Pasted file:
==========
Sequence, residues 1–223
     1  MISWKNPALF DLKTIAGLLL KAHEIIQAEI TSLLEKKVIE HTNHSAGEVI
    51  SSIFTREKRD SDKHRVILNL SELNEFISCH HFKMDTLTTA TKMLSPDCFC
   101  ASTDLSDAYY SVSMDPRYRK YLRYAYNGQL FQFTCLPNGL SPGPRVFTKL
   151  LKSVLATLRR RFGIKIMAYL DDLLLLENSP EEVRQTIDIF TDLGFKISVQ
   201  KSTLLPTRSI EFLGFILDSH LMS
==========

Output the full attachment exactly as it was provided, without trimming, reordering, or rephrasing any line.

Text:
Sequence, residues 1–223
     1  MISWKNPALF DLKTIAGLLL KAHEIIQAEI TSLLEKKVIE HTNHSAGEVI
    51  SSIFTREKRD SDKHRVILNL SELNEFISCH HFKMDTLTTA TKMLSPDCFC
   101  ASTDLSDAYY SVSMDPRYRK YLRYAYNGQL FQFTCLPNGL SPGPRVFTKL
   151  LKSVLATLRR RFGIKIMAYL DDLLLLENSP EEVRQTIDIF TDLGFKISVQ
   201  KSTLLPTRSI EFLGFILDSH LMS